ACCESS: Top Secret
- Jan 3, 2006
- Reaction score
Russia blocks sale of Chinese jets to Pakistan
The JF-17 fighter aircraft have been powered by Russian RD-93 engines
New Delhi, Moscow to sign pact on 5th generation fighter plane
Defence Minister Sergei Ivanov to visit India
MOSCOW: Russia has blocked the sale of Chinese fighter planes with Russian engines to Pakistan.
"We've denied China the right to supply its JF-17 fighter aircraft powered by Russian RD-93 engines to third countries, asking it to sign an end-user certificate for the engines," said Colonel-General Anatoly Mazurkevich, head of the Defence Ministry's International Cooperation Department.
President Pervez Musharraf said last year that the JF-17s would be flying in Pakistani skies by March 2007. Islamabad plans to acquire 150 JF-17s, known in China as FC-1. China has bought 100 Klimov RD-93 engines from Russia for installing on JF-17s, with an option to contract another 400 engines.
Speaking to Indian and Russian journalists ahead of a visit to India by Russia's Deputy Prime Minister and Defence Minister Sergei Ivanov on January 22, Col.-Gen. Mazurkevich confirmed that India and Russia are shortly to sign accords to jointly develop and produce a 5th generation fighter plane and a multi-role transport aircraft.
India is expected to announce during Mr. Ivanov's visit its choice between two Russian concepts of a multi-role stealth fighter plane of the 5th generation that the Russian aviation majors, Sukhoi and MIG, presented to the Hindustan Aeronautics Limited (HAL) last year.
The aircraft deals will be discussed when Mr. Ivanov co-chairs with Defence Minister A.K. Antony the 6th meeting of the Indo-Russian Inter-Governmental Commission for Military-Technical Cooperation. Ahead of the commission meeting on January 24 Mr. Ivanov will fly to Bangalore to visit the HAL and the Indian Space Research Organisation (ISRO), as well as some leading Information and Technology companies, and meet business people.
Stuck in Sichuan: Pakistani JF-17 Program Grounded
Posted 25-Jan-2007 09:02
Related stories: Asia - Central, Asia - China, Asia - India, Engines - Aircraft, Events, Fighters & Attack, New Systems Tech, Northrop-Grumman, Partnerships & Consortia, Russia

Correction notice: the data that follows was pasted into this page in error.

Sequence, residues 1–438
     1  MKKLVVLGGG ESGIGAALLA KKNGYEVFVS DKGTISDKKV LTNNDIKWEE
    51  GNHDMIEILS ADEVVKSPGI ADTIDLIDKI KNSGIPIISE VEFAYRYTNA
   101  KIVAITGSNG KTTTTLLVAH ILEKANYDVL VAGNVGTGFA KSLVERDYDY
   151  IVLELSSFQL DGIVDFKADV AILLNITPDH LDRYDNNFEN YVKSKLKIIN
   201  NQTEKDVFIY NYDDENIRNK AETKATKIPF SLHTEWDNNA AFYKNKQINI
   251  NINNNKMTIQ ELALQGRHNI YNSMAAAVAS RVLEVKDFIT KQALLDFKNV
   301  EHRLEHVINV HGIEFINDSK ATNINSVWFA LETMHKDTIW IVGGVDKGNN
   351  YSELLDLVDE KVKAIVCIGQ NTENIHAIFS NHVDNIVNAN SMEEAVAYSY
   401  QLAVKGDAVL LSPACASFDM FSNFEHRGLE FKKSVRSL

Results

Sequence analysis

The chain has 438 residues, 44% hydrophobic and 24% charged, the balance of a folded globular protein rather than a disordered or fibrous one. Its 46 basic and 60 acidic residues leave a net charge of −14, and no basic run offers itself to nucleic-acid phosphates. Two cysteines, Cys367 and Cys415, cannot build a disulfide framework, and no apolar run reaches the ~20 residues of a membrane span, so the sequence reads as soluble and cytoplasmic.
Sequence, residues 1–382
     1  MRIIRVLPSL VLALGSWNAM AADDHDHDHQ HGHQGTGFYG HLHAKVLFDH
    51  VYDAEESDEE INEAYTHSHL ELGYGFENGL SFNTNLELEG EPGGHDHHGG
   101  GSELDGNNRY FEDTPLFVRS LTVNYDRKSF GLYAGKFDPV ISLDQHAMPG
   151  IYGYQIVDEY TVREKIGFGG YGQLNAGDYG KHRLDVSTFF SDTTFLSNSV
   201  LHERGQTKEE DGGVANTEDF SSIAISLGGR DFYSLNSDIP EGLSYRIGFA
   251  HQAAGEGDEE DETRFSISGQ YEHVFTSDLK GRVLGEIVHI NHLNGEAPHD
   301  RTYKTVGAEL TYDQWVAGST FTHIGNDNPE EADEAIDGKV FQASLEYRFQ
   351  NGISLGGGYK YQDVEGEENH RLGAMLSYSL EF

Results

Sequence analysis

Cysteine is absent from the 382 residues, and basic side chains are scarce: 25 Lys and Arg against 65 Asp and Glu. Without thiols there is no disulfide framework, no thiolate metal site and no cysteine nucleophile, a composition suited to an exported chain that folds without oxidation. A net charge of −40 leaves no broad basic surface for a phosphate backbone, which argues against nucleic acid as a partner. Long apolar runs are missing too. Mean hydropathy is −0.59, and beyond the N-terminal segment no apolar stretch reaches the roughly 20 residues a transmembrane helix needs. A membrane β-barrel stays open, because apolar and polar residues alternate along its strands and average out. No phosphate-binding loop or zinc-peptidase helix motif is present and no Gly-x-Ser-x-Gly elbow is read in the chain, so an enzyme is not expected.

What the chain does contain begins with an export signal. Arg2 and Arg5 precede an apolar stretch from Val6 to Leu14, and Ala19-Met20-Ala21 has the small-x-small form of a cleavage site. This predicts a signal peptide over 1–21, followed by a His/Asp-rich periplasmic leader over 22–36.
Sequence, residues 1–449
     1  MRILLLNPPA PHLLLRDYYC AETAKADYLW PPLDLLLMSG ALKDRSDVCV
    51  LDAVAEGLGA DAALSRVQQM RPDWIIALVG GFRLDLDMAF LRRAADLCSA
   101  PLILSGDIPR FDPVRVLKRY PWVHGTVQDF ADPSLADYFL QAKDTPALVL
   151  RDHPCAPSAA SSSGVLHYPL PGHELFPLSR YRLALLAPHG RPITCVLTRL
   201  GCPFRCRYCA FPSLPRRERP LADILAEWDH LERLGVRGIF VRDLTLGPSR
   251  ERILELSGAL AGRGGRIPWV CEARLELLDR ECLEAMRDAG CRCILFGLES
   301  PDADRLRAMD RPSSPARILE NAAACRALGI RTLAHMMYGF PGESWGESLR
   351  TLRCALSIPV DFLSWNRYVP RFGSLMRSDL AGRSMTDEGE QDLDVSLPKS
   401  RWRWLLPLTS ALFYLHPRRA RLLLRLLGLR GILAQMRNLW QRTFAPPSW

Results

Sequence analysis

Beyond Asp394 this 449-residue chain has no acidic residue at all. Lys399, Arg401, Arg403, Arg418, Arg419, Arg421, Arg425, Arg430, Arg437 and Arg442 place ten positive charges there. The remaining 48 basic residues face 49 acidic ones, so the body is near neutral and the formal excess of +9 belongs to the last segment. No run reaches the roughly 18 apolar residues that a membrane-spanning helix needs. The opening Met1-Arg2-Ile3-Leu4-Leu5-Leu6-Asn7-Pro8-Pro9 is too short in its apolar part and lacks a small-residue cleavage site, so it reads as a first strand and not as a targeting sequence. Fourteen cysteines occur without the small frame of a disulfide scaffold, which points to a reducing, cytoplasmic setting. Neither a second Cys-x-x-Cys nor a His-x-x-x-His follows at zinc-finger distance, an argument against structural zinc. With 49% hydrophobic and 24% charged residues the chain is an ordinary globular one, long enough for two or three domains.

Also on this day: 25-Jan-2007 »
(click to view full)The military world has no shortage of irony. The defense industry has its moments too, as Pakistan just discovered. An aircraft whose development was driven by military sanctions from the US and Europe is now derailed by military sanctions. This leaves the Pakistani Air Force dependent on an alternative from... America. Meanwhile, the Chinese are left with no export launch customer for a plane they may now have to reluctantly buy themselves, instead of the favoured and more capable J-10. Somewhere in Delhi, champagne is pouring - but first, a bit of background.
The JF-17/FC-1 is a sub-$20 million fighter designed as a co-operative venture between Pakistan and China to replace F-7P (MiG-21+) and Mirage 3/5 aircraft in Pakistan's fleet. China also has options to produce them, but has made no firm decisions and seems unenthusiastic. It's a comparable peer for India's still-under-development LCA Tejas, Taiwan's F-CK-1 Ching Kuo fighters, and South Korea's T/A-50 Golden Eagle supersonic trainer & light fighter. Sino Defense reminds us that the JF-17/FC-1 'Xiaolong' has a long history...
(click to view full)The site recalls that China signed a $550 million agreement with Grumman in 1986 to modernise its J-7 fighter (MiG-21 copy) under the "Super-7" upgrade project, with US and British firms competing to provide the engine and avionics. The project was canceled after the Tienanmen Square massacre, but Chengdu Aircraft Industry Corporation managed to continue the programme with its own resources, and the project was re-branded as FC-1 (Fighter China-1). US sanctions related to Pakistan's nuclear program and Chinese-Pakistani use of ballistic missile components led Pakistan to seek helps from its Chinese ally. A joint development and production agreement was signed in June 1999, with China Aviation Import and Export Corporation (CATIC) and Pakistan each contributing 50% of the estimated $150 million development costs.
The Pakistan Government had hoped to sign a deal to acquire 150 JF-17/FC-1 fighters in 2007, with 8 aircraft in service by year's end. China had reportedly even bought 100 Klimov RD-93 engines from Russia for installing on JF-17s, with an option to contract another 400 engines.
There's only one problem: Russia has just refused permission for the transfer of its RD-93 engines, derived from the RD-33 that equips the MiG-29. The decision comes only a few days after a visit to India by Russia's Deputy Prime Minister and Defence Minister Sergei Ivanov, during which a number of joint defense projects were discussed and agreements were signed. These include the MRTA transport aircraft, and reportedly a "5th generation fighter" project, even as the MiG-29OVT/MiG-35 is touted as the likely winner of the multi-billion MRCA fighter contract.
Coincidence? Not a chance. Replacement with another engine? Unless it's a very close copy, that requires re-work of the entire fighter design and takes years. Just ask the J-10 project team.
Bottom line? Pakistan's ongoing F-16 fleet upgrade and expansion program with the USA has just become much more important - giving the USA a larger lever to use over Pakistani behaviour vis-a-vis Afghanistan, al-Qaeda, et. al.